The civic centre completes this form of the quarry. Through our design, we succeeded in letting this special stone and rock landscape flow into the foyer of the hall, making it and the outside space of the quarry practically one unit. We even placed rock boulders in the foyer and incorporated the bedrock in the structure of the building.
This resulted in an interplay between the built structure and the natural rock landscape. In addition, we designed the building itself entirely out of glass, which in turn contrasts as a fragile material with the crag and Stone sfrom the immediate surroundings.
According to the commission, the Civic Centre was to be placed into the oval of the quarry, with rocks some 50 to 60 meters high in some cases. I did not do that. Rather, I deliberately placed the Civic Centre in front on the edge so that it also has a visual relationship to the city. The oval itself was preserved as a scenic open space and recreational area.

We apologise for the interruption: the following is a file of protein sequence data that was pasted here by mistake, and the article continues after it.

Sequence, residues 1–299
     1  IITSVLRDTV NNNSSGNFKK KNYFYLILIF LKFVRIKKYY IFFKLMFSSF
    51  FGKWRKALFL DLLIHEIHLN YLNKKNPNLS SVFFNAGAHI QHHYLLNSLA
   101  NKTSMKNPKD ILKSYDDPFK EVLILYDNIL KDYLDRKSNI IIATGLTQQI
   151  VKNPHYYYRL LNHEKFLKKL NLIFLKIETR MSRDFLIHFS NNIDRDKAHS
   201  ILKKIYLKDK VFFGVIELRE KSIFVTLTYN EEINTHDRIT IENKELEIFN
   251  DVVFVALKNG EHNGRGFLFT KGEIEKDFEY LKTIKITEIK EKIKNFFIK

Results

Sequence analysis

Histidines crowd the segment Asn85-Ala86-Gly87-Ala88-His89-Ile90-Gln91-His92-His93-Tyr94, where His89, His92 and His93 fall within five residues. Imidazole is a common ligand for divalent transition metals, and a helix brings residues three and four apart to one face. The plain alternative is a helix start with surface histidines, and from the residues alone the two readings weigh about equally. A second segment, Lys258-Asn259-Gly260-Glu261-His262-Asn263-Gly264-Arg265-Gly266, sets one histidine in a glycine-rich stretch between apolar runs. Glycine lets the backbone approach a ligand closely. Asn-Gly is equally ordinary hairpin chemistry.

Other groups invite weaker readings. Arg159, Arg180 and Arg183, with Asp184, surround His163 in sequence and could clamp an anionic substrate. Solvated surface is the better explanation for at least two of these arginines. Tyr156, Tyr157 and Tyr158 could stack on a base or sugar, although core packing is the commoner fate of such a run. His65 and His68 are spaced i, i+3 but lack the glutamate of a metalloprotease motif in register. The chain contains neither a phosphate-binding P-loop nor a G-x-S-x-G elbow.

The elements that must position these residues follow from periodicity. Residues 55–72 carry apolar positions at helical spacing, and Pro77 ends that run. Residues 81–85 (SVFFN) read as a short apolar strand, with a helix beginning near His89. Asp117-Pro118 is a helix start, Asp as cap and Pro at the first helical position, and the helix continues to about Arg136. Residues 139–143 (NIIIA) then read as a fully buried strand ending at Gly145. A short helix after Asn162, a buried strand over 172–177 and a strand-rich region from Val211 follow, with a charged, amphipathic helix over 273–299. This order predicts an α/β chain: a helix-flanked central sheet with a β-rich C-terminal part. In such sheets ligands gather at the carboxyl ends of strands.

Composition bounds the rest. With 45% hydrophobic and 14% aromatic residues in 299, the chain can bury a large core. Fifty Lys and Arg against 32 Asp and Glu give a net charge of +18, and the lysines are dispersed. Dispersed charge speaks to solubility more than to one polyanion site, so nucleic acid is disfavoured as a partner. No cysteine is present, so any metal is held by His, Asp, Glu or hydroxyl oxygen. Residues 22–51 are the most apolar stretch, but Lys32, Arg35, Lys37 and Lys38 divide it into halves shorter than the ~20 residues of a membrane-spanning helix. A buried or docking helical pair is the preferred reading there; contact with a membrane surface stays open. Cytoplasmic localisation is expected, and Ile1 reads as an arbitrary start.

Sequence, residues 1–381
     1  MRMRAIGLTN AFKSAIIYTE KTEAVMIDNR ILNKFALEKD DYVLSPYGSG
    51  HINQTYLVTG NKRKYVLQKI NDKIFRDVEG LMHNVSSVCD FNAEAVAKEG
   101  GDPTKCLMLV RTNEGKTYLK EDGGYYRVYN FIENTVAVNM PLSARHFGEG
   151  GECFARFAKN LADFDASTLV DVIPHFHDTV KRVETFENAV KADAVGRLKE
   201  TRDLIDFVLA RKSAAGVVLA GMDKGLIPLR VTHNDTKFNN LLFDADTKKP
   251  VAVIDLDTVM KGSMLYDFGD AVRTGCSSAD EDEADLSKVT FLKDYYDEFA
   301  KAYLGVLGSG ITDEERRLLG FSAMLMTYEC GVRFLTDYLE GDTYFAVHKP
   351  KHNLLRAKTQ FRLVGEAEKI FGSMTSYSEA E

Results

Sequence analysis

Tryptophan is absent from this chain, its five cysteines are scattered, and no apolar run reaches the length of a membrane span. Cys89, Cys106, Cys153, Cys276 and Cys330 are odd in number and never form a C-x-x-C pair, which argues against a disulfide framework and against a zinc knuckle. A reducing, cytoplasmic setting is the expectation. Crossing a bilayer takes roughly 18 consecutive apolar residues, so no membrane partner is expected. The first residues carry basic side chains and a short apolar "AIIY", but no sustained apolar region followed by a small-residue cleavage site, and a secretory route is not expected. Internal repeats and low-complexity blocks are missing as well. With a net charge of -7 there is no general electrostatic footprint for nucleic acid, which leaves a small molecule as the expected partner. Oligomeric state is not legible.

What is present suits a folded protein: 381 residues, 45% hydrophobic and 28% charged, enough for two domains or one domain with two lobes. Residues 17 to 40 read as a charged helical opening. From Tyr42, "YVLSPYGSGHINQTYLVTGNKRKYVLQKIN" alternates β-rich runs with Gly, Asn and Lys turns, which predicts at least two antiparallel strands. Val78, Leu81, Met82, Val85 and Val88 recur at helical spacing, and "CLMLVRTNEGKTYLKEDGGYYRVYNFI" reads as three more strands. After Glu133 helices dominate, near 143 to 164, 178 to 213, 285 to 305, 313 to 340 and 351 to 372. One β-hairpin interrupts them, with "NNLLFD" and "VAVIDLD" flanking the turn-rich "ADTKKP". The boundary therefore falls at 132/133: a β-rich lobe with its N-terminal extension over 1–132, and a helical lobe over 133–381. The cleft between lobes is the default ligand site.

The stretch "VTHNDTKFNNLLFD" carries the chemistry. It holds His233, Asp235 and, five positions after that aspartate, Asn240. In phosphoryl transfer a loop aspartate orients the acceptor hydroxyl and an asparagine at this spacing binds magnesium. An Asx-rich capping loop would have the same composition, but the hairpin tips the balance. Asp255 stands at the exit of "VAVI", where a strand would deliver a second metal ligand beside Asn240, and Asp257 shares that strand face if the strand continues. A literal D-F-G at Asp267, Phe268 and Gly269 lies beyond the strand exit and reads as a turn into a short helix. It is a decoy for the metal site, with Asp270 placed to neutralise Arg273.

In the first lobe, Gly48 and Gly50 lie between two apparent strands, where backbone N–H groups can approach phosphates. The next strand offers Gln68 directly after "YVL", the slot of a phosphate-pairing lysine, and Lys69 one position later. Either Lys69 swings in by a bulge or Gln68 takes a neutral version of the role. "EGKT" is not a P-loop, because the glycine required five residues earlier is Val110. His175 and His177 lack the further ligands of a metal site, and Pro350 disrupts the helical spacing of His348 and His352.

What role does the value of the materials play?

Gerber: Each material has its own features and leaves an impression or feeling. Glass, for example, is fragile and transparent; stone is hard and solid.
Constructing a building from only one material can also have a special charm. One of our first school buildings was built completely with exposed concrete, both inside and out. In doing this, we placed great importance on having all doors and cabinets as coloured wood elements to contrast with the concrete walls. Through this interaction, a friendly and stimulating atmosphere emerges in the school building in terms of both look and feel.